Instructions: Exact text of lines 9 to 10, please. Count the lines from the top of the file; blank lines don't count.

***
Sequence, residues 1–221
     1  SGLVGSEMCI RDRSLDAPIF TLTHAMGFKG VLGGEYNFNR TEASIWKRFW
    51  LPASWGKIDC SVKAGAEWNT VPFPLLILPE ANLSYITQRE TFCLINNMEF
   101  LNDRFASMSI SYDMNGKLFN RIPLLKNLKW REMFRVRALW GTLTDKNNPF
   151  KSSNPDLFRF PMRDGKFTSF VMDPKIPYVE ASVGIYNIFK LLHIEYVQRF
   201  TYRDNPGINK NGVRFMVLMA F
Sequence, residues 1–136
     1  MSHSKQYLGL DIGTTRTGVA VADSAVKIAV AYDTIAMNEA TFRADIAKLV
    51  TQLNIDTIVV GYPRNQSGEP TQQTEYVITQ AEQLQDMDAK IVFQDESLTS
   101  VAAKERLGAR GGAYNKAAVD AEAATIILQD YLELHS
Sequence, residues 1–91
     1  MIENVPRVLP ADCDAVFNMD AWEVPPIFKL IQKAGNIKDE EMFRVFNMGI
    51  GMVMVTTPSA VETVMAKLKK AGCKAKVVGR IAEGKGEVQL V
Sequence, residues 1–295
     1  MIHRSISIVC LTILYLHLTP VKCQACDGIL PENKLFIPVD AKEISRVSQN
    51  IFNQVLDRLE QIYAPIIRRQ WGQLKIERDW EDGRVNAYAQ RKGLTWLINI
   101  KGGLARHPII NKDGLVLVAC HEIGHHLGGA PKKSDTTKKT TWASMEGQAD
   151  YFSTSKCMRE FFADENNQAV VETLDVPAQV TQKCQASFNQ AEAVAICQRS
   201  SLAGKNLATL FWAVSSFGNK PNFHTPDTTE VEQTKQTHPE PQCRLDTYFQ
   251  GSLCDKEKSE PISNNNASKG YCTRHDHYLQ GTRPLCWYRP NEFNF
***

    51  TQLNIDTIVV GYPRNQSGEP TQQTEYVITQ AEQLQDMDAK IVFQDESLTS
   101  VAAKERLGAR GGAYNKAAVD AEAATIILQD YLELHS